I actually did not recall Tesreau as a pitcher, nor did I know of his no-hitter, in 1912. (Actually, while watching Heston pitch, and thereby taping the amazing but disappointing Warriors Cavs Game 3 loss, I started to think about John “the Count” Montefusco, and thought he had delivered a no-hitter during his rookie campaign; no, but he did hit a homer, or maybe a homer in his first at-bat? TK: okay, the Count actually threw his no-hitter in 1976, his third season and both hit a home run in his first at bat and was rookie of the year, in 1974, a feat only matched by Wally Moon).
Tesreau was from Missouri. His given name was Charles M. but he was called “Jeff” because he reminded people of the famous boxer Jim Jeffries. He actually sent his son Charles Tesreau Jr to play for the Big Green (or, Indians) in 1938. Tesreau was 115-72 and 2.43 ERA in the majors; in fact, he was the ERA king the first year that was ever computed and contested. He quit his stint with the Giants relatively young, age 30, after an argument with John McGraw and took an offer to coach at Dartmouth, where he won 350 games or so, or his boys did, rather.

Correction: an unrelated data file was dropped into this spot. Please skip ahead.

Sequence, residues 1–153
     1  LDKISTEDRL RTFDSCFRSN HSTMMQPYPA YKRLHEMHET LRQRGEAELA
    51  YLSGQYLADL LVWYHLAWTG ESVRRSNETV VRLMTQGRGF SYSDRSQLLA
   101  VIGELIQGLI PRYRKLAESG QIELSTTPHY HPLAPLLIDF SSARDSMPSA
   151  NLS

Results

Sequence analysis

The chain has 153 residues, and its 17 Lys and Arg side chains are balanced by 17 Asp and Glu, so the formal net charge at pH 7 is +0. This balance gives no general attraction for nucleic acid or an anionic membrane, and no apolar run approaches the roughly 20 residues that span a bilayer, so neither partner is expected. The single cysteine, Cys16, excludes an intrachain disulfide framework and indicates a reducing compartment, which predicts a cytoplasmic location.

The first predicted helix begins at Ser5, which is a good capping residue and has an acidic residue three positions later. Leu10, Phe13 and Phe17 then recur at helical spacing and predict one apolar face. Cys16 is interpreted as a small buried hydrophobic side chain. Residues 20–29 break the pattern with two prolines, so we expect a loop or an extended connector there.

Jack Chesbro meanwhile was a Hall of Fame pitcher, slightly before Tesreau’s time. I think I learned of him via those alltime great leader cards that they had on the back of 1974 or 1975 Topps, which I collected in real time.
From a wiki page: